November 23, 2020 by  
Filed under Daily Devotions, Personal Growth

By Rosemary Flaaten –

Who gives you advice? For many of us, when someone gives us unsolicited advice we bristle and the relational walls go up. Generally, we don’t like to be told what to do. .

However, the book of Proverbs, which offers much advice on how to avoid being a fool and how to live wisely instead, gives us a picture of the wisdom of counsel. “Plans fail for lack of counsel, but with many advisers they succeed.” Proverbs 15:22 (NIV).

Andy Stanley, in his video series “The Best Question Ever,” states that a wise person knows when she does not know and is not afraid to ask for advice. Being cognisant of our inabilities is a critical piece of emotional intelligence. If we ignore our weaknesses, assuming or pretending to be competent or all- knowing, we will end up sitting in the chair of the fool instead of at the podium of the wise.

Although we must surround ourselves by people we can trust, knowing they have our best interests at heart, we must be careful to not limit ourselves to only those in our inner circle. At times wise counsel may come from unlikely sources. A new hire at work may be able to see a hole in the business plan to which the old guard is blind. Your mother may not have the same level of formal education but she may have wisdom earned through the school of hard knocks. A friend of a friend of a friend may be the person who can help you through a struggle. A homeless person can teach us about generosity and kindness.

Going it alone is a dangerous pattern. Independence, by definition, is the freedom from the control, influence, support or aid of others. That may sound appealing but biblical wisdom would tell us that two is better than one and that a cord of three is not quickly broken. A wise person will be open, even seeking the advice of others and realizing that it can come from unlikely sources.

Are you going to be wise and open to advice or foolish and live as a proud independent?

PRAYER: Lord, give me discernment and humility to hear truth when it is spoken. .

“Two are better than one, because they have a good return for their work: If one falls down, his friend can help him up. Though one may be overpowered, two can defend themselves. A cord of three strands is not quickly broken” (Ecclesiastes 4:9, 12 NIV).

Spiritual Muscle

November 14, 2020 by  
Filed under Daily Devotions, Personal Growth

By Donna McCrary –

Stress. Fatigue. Exhaustion. Strenuous. These words are not typically associated with making things stronger; except in the world of muscle building. Look up any blog or “How-to guide” on ways to increase muscle and you will find phrases such as ‘trigger the muscle building process by stressing the muscle;’ ‘fatigue the muscle to breakdown muscle fibers;’ ‘work the muscle to the point of exhaustion;’ or ‘muscle fibers will breakdown after strenuous exercise.’ The process to develop stronger muscle requires exercise designed to rip tiny fibers in the muscle. After a time of rest, the muscle will heal and become stronger.

Is spiritual muscle built in the same manner? In order for us, as Christ Followers, to grow stronger and become more resilient in our faith must we first be stressed, fatigued, and exhausted by strenuous experiences?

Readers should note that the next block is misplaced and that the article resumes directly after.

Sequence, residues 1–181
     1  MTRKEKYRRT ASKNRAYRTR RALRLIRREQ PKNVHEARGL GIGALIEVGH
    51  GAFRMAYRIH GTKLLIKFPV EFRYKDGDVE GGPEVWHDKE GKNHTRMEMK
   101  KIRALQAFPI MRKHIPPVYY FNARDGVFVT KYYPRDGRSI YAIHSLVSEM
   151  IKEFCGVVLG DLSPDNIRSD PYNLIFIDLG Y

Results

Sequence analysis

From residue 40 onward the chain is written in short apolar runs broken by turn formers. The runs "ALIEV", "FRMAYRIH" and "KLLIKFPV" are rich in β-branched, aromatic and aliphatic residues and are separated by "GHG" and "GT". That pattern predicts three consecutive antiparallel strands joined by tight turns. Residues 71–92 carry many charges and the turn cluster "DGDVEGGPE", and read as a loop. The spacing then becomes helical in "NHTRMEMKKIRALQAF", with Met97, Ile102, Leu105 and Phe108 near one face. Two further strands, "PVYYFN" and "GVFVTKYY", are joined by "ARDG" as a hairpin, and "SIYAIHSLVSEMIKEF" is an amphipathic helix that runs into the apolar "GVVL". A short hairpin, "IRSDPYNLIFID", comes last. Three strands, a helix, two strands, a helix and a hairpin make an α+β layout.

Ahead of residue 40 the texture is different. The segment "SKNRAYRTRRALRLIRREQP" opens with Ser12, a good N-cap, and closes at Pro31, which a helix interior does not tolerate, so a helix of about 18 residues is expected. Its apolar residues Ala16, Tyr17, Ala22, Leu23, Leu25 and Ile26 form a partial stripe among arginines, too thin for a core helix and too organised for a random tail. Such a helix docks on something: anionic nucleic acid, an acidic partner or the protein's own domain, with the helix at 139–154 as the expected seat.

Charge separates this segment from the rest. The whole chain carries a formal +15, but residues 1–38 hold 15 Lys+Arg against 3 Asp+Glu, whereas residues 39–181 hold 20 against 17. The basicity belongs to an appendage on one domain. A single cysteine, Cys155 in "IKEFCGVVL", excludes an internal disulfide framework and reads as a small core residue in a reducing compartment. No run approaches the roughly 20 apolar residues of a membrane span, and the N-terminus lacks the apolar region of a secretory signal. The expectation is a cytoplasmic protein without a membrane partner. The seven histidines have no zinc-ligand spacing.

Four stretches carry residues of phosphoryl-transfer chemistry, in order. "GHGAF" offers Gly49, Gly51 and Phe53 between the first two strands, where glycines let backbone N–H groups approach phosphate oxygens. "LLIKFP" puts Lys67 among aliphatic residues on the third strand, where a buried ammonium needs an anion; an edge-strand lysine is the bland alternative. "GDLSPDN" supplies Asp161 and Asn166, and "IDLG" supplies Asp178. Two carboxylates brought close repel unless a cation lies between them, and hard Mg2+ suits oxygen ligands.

A quick journey through the scriptures confirms that spiritually fit people experienced times of stress, fatigue and exhaustion. Think about it. Living inside a great sea creature for three days like Jonah had to be a little stressful. Standing in front of a nine-foot-something warrior must have been stressful for David, the puny red headed baby of the family. Spending the night with hungry lions in a den must have been exhausting for Daniel. The one that makes me laugh is Peter. Image how stressed, frustrated and exhausted Peter had to be to scream at a little girl who simply asked if he knew Jesus. Big Peter versus little girl. Little girl wins. Now that is stress!

God uses stressful, exhausting, strenuous experiences in our life to help us strengthen our spiritual muscle. These times of intense training break down the fibers of who we are. Then after rest and healing, it produces stronger spiritual fibers because we gain a deeper understanding of who we are in Christ. During these strenuous training periods we recognize our strength comes from Christ. We recognize the truth of His Word. We stretch our faith to extents we did not think possible. Each training session requires us to build spiritual muscle.

Every soldier has to go through exhausting training exercises before they reach the battlefield. Every athlete participates in strenuous training before game day. Every farmer labors beyond fatigue before they reap the fruit. Every Christ Follower experiences seasons of stress, exhaustion, and fatigue in order to produce strong spiritual muscle.

Don’t forget – Training is hard but victory is sweet!

PRAYER: Father, help me desire to grow stronger in You even though that could mean struggles and difficult circumstances. Help me embrace the training necessary to fulfill the purpose You have established for me.

“More than that, we rejoice in our sufferings, knowing that suffering produces endurance, and endurance produces character, and character produces hope” (Romans 5:3-4 ESV).

Don’t Make ‘Em Hunt For It

November 2, 2020 by  
Filed under Daily Devotions, Personal Growth

By Jarrod Spencer –

Last year, I pulled in to Sonic Drive-In to get a late night snack. As I was perusing the menu, I noticed the Easter-themed promotion of the Sonic Card (aka gift card). It read, “Don’t make ‘em hunt for it.” That phrase grabbed my attention.

One of the common events around the Easter holiday is egg hunting. When I was younger, I enjoyed hunting for the hidden eggs when I was younger. The mystery alone was fun to solve: where are they hidden? In addition, who can resist the candy that waits inside? That delicious, cavity-enhancing material is very appealing.

Easter should be about the tomb and the Resurrection. In the early morning, the tomb was found empty. However, in the days prior to this, it had been filled. Though it wasn’t filled with chocolate, marshmallows, or jelly beans, it was filled with something sweet to the soul. Jesus occupied that tomb. Jesus had been flogged and tormented, resulting in His death on the cross. To make sure he was dead, they pierced His side. Then, they took Him down and laid Him in the tomb.